How ‘Manhunt’ Showrunner Revisited Lincoln’s Assassination Through 2 Battling Perspectives

Monica Beletsky details using both John Wilkes Booth and Edwin Stanton’s points of view as the Apple TV+ series explores the infamous crime

Tobias Menzies in "Manhunt" (Apple TV+)

“Manhunt” chronicles Abraham Lincoln’s infamous assassination and the subsequent manhunt to capture assailant John Wilkes Booth through the eyes of an unlikely protagonist: the late president’s secretary of war, Edwin Stanton.

“From the moment Booth shot Lincoln in the theater, and he was unconscious, to the next day when [Andrew] Johnson was sworn in, no one was really president, so it fell on the shoulders of Stanton,” showrunner Monica Beletsky told TheWrap in a recent interview. “The more I learned about him, the more I could really see painting him as a lead role.”

The historical drama, which premieres Friday on Apple TV+, sees Stanton (Tobias Menzies) jump into action just days after the Civil War ended to pioneer a calculated manhunt to resolve the injustices. As Stanton kicks off his efforts, “Manhunt” also displays Booth’s attempts to thwart capture as he clings to the lost cause of the Confederacy.

Anthony Boyle as John Wilkes Booth in “Manhunt” (Apple TV+)

“I didn’t want to tell the story just from his point of view — he did such a heinous act, and in a lot of ways, he’s a villain. I didn’t want to center it on him, but of course, he’s important to the story,” Beletsky said, adding that her goal was to portray “two men who both had incredible amount of opportunity to change the country, but they took it into their hands in such different ways.”

While Booth established himself as a well-known stage actor, the assassination shed light on his deep-rooted political motivations, with the historic gunshot coming just five days after Robert E. Lee surrendered to Ulysses S. Grant.

“You can assume that Booth couldn’t accept the outcome of the war, and he was trying to have a Hail Mary, and attempt to change the outcome,” Beletsky said. “He did change the outcome in a lot of ways because there was a mandate to put forth civil rights policies that Lincoln wanted because he won the war, then all that became up in the air.”


As Beletsky married the detective narrative with details of Booth’s escape from James L. Swanson’s 2006 book “Manhunt: The 12-Day Chase for Lincoln’s Killer,” she aimed to highlight the “Sliding Doors” moment, which ended Lincoln’s second presidential term just 42 days after it began.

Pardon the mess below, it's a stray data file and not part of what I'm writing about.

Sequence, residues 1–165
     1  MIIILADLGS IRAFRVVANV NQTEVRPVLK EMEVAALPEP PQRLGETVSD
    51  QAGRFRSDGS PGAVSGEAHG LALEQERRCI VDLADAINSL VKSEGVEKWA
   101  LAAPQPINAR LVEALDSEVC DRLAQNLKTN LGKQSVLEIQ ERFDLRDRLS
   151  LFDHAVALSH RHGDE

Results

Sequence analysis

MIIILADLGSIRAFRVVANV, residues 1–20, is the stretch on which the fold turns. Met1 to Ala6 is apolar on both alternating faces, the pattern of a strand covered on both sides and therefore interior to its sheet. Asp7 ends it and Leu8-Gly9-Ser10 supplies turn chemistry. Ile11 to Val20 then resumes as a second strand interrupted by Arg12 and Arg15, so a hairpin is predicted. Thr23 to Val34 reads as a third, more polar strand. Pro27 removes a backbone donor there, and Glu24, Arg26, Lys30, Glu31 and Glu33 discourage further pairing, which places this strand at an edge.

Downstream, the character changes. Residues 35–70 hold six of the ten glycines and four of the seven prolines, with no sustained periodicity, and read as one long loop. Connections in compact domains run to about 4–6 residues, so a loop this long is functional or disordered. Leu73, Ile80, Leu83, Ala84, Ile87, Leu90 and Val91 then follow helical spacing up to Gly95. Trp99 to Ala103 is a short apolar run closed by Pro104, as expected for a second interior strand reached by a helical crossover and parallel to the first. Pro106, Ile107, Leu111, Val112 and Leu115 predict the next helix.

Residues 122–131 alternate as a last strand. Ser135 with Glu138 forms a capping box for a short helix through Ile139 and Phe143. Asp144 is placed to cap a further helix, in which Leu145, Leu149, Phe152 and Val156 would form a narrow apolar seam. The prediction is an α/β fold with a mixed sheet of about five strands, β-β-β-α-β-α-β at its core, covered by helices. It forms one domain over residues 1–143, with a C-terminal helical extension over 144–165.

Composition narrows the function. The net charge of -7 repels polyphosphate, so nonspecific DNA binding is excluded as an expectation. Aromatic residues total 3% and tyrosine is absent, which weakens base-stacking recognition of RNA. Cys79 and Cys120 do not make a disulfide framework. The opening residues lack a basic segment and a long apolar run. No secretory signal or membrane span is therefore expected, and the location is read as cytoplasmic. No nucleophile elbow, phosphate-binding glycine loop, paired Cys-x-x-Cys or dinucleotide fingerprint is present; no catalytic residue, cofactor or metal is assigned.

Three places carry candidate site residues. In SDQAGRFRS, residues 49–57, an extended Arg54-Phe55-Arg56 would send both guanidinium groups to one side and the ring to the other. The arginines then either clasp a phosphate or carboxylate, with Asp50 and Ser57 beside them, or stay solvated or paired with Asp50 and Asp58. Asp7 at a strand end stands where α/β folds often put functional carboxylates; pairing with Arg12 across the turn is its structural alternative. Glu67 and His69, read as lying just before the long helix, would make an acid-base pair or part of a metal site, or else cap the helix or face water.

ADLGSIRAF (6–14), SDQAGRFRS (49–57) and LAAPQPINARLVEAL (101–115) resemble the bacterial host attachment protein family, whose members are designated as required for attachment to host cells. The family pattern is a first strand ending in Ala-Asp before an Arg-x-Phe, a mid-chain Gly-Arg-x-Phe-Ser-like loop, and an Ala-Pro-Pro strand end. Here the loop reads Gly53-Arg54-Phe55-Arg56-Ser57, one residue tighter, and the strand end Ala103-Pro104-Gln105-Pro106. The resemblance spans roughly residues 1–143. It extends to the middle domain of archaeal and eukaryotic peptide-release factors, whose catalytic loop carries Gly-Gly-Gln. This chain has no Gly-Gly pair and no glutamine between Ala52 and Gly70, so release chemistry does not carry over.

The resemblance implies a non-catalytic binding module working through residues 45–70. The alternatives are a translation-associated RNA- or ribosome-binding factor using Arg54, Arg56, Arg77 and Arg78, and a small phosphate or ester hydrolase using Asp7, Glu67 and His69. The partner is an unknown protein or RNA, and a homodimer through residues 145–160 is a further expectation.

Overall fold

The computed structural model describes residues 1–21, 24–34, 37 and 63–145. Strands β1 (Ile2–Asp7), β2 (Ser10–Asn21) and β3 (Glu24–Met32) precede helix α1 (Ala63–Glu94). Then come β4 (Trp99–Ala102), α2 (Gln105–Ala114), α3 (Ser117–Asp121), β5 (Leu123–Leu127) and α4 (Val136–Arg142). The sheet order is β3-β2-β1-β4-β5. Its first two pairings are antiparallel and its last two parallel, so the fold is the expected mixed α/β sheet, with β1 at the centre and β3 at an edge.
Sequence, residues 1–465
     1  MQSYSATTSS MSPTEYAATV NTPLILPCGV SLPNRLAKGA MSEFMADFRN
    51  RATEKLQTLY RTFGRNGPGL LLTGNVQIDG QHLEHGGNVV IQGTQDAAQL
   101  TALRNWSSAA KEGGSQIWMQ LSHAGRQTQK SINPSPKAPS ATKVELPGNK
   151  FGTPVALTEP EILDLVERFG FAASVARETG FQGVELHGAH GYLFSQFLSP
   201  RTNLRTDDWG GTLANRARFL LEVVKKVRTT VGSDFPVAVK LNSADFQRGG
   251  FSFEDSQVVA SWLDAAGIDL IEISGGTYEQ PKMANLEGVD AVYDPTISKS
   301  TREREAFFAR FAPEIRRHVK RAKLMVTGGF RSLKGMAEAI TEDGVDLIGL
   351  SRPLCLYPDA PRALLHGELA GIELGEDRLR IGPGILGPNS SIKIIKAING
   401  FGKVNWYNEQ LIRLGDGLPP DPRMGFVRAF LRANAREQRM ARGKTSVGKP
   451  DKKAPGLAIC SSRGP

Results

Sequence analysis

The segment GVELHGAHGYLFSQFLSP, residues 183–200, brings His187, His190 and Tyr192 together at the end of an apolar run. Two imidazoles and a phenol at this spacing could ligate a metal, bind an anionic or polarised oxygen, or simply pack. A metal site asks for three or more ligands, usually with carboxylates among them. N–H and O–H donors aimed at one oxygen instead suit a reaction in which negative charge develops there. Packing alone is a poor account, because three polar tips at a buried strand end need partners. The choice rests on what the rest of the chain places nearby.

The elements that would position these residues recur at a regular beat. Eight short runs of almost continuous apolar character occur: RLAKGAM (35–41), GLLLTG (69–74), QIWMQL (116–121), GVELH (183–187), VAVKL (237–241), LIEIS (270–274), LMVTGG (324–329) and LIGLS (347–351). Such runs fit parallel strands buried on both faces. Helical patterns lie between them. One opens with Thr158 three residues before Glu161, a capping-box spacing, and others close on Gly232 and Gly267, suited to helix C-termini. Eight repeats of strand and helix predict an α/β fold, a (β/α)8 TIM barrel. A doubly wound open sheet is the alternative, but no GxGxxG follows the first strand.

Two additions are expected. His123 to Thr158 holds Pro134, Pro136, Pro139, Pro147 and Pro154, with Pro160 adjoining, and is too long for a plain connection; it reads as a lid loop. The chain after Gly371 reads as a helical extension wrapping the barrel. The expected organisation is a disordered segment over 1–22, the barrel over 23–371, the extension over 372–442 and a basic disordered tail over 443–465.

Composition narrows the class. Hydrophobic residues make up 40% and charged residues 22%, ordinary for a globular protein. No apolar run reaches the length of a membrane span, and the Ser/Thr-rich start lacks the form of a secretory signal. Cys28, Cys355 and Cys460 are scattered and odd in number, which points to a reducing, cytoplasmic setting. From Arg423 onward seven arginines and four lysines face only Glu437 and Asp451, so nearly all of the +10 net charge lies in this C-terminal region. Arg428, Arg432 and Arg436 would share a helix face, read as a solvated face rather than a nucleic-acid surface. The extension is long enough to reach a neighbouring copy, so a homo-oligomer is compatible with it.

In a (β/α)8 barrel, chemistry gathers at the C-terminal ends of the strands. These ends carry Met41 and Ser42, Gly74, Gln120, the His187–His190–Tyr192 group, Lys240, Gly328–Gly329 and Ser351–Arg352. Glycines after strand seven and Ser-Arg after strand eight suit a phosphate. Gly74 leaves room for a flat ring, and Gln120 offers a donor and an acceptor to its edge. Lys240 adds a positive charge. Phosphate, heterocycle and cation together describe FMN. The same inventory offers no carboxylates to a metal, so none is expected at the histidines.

“We lost almost four years of of him,” Beletsky said, prompting viewers to ask themselves, “How would the country and the culture be different [had the assassination not been successful]?”

“Manhunt” found its Booth in “Masters of the Air” star Anthony Boyle, who tracked down Booth’s diaries and collaborated with Beletsky to integrate them into the show.

“He read them cover to cover … and he would point out certain anecdotes that really rang true to him,” Beletsky said, pointing to a diary entry detailing Booth’s made-up plays with his sister, which Beletsky added into the script to give more depth to Booth’s relationship with his brother.

As Beletsky and the “Manhunt” team filmed the assassination for the series’ opening episode, she noted the crew felt a “personal responsibility” in re-creating the “haunting” incident.

“We wanted to get across how tragic it was, and how cowardly it was to shoot someone from behind without them being able to defend themselves,” Beletsky said. “It was a time when if gentlemen had a conflict, they’d say, ‘Let’s meet on a hill and let’s battle,’ and the fact that Booth came into the theater during a comedy when everyone’s relaxed and trying to finally have some peace in a place where you’re supposed to feel safe — there’s something very horrific about that.”

As parts of the country continue to battle with the legacy of the Confederacy, modern parallels aren’t lost on Beletsky, who noted that the assassination certainly helped shaped American culture.

“There are many unsung heroes in this story who we were rarely told about, and I’m very excited for people to know about Stanton and other [heroes] in the story, because they’re true American heroes,” she said.

“Manhunt” premieres its first two episodes on Friday, March 15, with new episodes dropping Fridays on Apple TV+.


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